Oglala Lakota community leader, Nick Tilsen, envisions a vibrant future for his people. He sees elements of that transformation already in place on the Pine Ridge Indian Reservation. However, they need stitching together, like a quilt whose diverse and colorful pieces are scattered -- unseen and uncelebrated -- all over the Oglala Sioux Tribe's homeland in southwestern South Dakota. "There's been economic activity around the reservation, but no way to pull it together," said Tilsen (at left).
Until now. A new Housing and Urban Development grant will help the four-year-old organization Tilsen runs, Thunder Valley Community Development Corporation, do just that. HUD spokesperson Brian Sullivan called the project "exciting" and "a well-rounded regional plan." The funding -- nearly a million dollars -- comes out of HUD's Office of Sustainable Housing and Communities, formed to reduce bureaucratic barriers and involve local people in the development process, said Sullivan. The office encourages grassroots innovation, and Thunder Valley is delivering that right out of the gate, according to Tilsen.
For starters, Tilsen and his colleagues have flipped the power dynamic. "This is not the federal government's plan. It's our plan: the collective vision of the Oglala people. They work for us," said the 28-year-old Tilsen, who credits his parents, who met at the 1973 takeover of Wounded Knee, for his activism.
Economic development has been attempted at Pine Ridge. Why would this endeavor succeed where others have failed? According to the project's attorney, Brett Lee Shelton, previous models were targeted not at growth, but at assimilation. Since Oglalas have about as much affection for forced acculturation as they do for the Seventh Cavalry, the schemes inevitably collapsed. "Thunder Valley's funders were creative in taking the community into account," said Shelton, a tribal member and partner in the law firm Smith Shelton Ragona. "This project arises from the people."
Attending the grant's recent kick-off meeting in their new supportive role were federal, state, and tribal agencies, some of which have long tried to control Oglalas' fate, with often devastating results for tribal members. Other attendees included Lakota Funds, Pine Ridge Area Chamber of Commerce, and the award-winning architecture firm Berkebile Nelson Immenschuh McDowell, or BNIM, which has worked on the reservation for several years and will design housing and plan enterprise zones, among other tasks.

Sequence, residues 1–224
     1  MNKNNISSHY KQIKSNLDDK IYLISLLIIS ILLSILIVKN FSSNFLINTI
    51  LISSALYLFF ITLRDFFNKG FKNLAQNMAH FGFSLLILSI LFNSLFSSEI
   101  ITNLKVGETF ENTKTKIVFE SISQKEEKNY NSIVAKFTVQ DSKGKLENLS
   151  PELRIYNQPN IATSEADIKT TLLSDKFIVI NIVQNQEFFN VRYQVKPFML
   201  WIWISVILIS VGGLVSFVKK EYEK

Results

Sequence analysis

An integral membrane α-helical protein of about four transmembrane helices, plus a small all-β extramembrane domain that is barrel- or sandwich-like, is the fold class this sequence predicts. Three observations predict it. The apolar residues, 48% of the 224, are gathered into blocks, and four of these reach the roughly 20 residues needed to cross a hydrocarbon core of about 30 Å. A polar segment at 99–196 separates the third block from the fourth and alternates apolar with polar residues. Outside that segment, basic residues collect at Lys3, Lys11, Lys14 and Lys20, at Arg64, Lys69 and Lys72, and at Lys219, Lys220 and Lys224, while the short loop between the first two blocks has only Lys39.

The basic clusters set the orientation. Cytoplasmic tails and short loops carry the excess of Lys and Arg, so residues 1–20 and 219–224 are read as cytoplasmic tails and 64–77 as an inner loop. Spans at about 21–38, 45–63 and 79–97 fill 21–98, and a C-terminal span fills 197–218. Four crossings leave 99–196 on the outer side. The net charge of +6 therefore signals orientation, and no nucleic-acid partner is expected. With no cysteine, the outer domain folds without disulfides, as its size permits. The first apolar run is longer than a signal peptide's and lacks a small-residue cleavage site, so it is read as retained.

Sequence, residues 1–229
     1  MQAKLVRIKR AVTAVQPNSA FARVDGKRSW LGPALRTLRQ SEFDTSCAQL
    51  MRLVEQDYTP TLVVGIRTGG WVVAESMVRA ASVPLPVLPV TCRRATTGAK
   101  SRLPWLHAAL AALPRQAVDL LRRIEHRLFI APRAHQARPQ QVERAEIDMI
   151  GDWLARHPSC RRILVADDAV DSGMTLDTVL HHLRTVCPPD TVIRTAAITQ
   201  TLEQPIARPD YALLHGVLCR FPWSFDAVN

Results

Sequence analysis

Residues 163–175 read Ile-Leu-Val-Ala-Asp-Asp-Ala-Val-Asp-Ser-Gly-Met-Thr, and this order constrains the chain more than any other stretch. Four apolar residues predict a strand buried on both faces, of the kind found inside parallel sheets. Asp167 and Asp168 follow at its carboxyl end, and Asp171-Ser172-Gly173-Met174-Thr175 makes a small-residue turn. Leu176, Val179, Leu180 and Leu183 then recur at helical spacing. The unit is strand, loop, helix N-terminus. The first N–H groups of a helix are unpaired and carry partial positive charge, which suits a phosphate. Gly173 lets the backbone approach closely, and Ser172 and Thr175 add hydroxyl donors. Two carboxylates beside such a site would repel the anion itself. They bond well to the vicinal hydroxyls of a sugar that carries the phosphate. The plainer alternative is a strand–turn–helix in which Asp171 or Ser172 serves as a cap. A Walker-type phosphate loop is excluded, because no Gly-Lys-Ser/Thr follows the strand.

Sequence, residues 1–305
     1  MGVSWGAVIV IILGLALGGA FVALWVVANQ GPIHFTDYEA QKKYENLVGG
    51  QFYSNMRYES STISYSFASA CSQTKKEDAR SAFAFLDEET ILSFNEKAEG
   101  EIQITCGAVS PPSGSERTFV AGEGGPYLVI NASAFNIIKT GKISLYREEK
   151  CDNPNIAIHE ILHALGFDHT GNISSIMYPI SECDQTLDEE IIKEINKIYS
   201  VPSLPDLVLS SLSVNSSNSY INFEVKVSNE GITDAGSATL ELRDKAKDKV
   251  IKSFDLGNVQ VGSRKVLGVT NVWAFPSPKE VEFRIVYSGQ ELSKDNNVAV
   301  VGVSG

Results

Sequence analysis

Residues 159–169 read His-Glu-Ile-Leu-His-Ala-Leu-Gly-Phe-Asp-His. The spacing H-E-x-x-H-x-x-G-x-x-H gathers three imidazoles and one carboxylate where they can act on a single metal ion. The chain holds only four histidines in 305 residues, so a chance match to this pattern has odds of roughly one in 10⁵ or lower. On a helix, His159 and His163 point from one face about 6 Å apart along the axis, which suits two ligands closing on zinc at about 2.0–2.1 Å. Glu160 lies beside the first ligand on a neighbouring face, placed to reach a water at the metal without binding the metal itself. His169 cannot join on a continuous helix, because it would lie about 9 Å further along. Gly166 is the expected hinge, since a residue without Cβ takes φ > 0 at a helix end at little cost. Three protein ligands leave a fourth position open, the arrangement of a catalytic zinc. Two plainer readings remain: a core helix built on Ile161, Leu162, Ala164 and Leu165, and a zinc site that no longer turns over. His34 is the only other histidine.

Elders provided guidance, and everyone began thinking outside the box, according to BNIM project manager and architect Scott Moore. "Government officials had a breakout session and talked about collaborating across agencies," said Moore. "They got excited about working together."
Thunder Valley promotes synergy not just between agencies, but also between tradition and innovation. "Community members approach this project as an expression of what it means to be Lakota in the 21st century," Moore observed. One traditional activity that's being revived is, simply, planning. "Looking forward is not new for us," Tilsen said. "What's new is that nowadays we live day to day, crisis to crisis. Our people never have a moment to consider the future."
The level of crisis is staggering, with daily privations that are unimaginable off the reservation. People on Pine Ridge struggle just to survive, said Shelton: "They try to make a living as craftspeople, hunting and wildlife guides, and more, but there's no funding or infrastructure to support them." There are no banks to make personal or business loans and minimal public transportation to move goods and services and ensure employees get to work safely; automobiles may injure or kill pedestrians and horseback riders traveling roads without shoulders or sidewalks. Because dollars arriving on Pine Ridge land in a matter of hours in off-reservation businesses, such as grocery and clothing stores, the tribe has, in essence, barely any economy. These problems are exacerbated by 80-90 percent unemployment, minimal access to safe water and fresh food, a severe housing shortage, and extreme rates of chronic illness and suicide.
Our economy reflects our history," said Tilsen. "It's as though a tornado came through. A tornado of colonization, of oppression. But by asking what happened, we produce healing and progress."
Harbingers of success abound, including the enormous energy and good will of the Oglala people. "Lakota culture is inclusive," said Shelton. "The more this project reaches out, the more it honors that. There's room for everyone, including non-Indians living on the reservation. The more, the better."
The inclusiveness extends to the economic model, according to Tilsen: "Our people want to trade or participate in the cash economy, as needed. Some want a 30-year mortgage; others want to use local natural materials, as in straw-bale construction, to build homes with their own hands. We support all their choices."
Job one for Thunder Valley CDC is collecting data -- about current reservation homes and building projects; existing roads and utilities; tribal members' travel and spending patterns; the reservation's natural assets; and much more. Moore called information gathering the basis of smart growth and of a process that'll outlast current participants.
Said Tilsen: "It'll last as long as the people embrace it."
Photos courtesy of Thunder Valley Community Development Corporation.
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